The line between where my old myspace blog finished and this blog began is blurry, so forgive me if told you this before. I have a bike. His name is Schwinnderlei Silva. He is a simple hybrid Schwinn that came home with me sometime in 2007 after an impulse buy in the aisles of Target (aren't most purchases at Target made that way?) Schwinnderlei has been a loyal bike on the handful of neighborhood rides I've actually taken, and one 32 mile organized ride, complete with crazy headwinds and a group full of road bikes that left us in the dust. And that pretty much sums up my cycling resume for my adult life. Cycling inexperience aside, as I sit here with the goal of diving into the world of multi-sport, I covet a brand new fancy pants road bike. (Ok, secretly, I covet a hot pink triathlon bike, but I figure I should take baby steps. After all, you don't let the teenager take a spin in the Lamborghini on their first day of drivers ed, now do you. ) I've actually been meaning to get into the sport of triathlon for quite some time now. But something always got in the way. Last time, that something was a brand new pregnancy, which I discovered the day after my first triathlon clinic meeting. But now, the time has finally come. I'm registered, no turning back, for Irongirl sprint triathlon. I've set up an appointment for swim instruction. And, most excitedly, I've been given the go ahead from the family budget to buy a bike. A REAL bike.
And I'm terrified.
I've always been a bit scared of riding in traffic. And it seems everywhere I turn lately, my fears are confirmed. You know, new cyclists and pregnant women have a lot in common...people always want to tell them horror stories. I'm positive it's not intentional, but it happens all the same. Someone finds out you are expecting a baby, and the next thing you know they are telling you about their second cousin's best friend's sister in law who almost died in labor from some sort of one in a billion chance complication. Someone finds out you are new to cycling and they want to tell you about that time they were clipped by a car and woke up unconscious on the side of the road, or the time some lame motorist pegged a half empty Slurpee at their head.
Now that I am literally weeks away from bike shopping, it seems that the buzz all over facebook is over the hate group "There's a perfectly good path next to the road you stupid cyclist" and all of the pro-cyclist groups trying to get rid of this group. Really, I should have never, ever, ever opened that page. Because it terrifies me people like that actually exist. Even if it's all a "joke", it terrifies be that people find the idea of running over a cyclist funny.
Then I find my way over to the Cyclists Against Reckless Drivers Foundation page on facebook. And while their organization is meant to promote awareness, it's promoting more fear in my trepid mind. I open the page to find link after link to articles about motorist running over, and sometimes killing cyclists. And then how about this jackass E.R. doctor who decided to "teach the cyclists a lesson" by swerving out in front of them and slamming on his brakes, causing them to smash into the back of his car.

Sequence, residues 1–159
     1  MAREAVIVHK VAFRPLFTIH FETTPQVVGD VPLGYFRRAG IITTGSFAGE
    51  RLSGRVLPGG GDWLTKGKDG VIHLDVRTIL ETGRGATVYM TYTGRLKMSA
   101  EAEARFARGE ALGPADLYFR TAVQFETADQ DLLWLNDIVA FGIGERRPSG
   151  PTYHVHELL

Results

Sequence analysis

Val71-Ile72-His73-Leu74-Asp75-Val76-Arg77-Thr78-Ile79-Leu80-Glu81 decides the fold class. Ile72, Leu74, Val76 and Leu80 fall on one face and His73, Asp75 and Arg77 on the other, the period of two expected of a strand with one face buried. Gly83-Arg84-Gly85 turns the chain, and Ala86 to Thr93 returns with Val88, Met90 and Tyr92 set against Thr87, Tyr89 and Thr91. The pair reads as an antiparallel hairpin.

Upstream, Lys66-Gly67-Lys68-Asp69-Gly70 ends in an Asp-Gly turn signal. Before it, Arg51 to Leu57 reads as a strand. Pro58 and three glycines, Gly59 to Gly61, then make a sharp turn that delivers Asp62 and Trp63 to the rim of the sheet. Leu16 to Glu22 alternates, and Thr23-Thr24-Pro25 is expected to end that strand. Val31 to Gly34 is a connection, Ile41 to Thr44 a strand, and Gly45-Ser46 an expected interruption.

Wow. Just, wow.
As if the cycling and/or road rage gods are mocking me at this time of fear, I get an email the other day from an organization called "Share the Damn Road" asking me to write a little something about their website on my blog. Their site offers cycling jerseys that say things such as "DON'T RUN ME OVER", "DON'T HONK AT ME" and "SHARE THE DAMN ROAD" among others, to send a message to aggressive drivers.
Just to show you how warped my mind is by the thought that I will soon be putting myself on the streets as a moving target, my first thought was "that can't be good karma". I turned to former rebellious, bad a$$ teen (now very mature, wonderful, loving, father) Rich and asked him what, in his former life as an angsty teen, he would have done passing a cyclist wearing one of those jerseys.
He said he would have most certainly honked. Especially since there is no "Please" anywhere in the statement. And then had a really good laugh about it.
Regardless, living your life in fear is no way to live. And while I no time soon will be on the Dr. Phil show holding a giant millipede (my one total phobia), I can assure you that this fear of crazed psychotic bike & spandex hating motorists won't deter me from a future in triathlon.
But I do wonder what size jersey I would need to be able to fill "I'm absolutely terrified out here, please take pity on me and give me a 15 foot radius, thank you and have a great day, by the way you are looking fantastic this morning, is that a new haircut?" all on the back.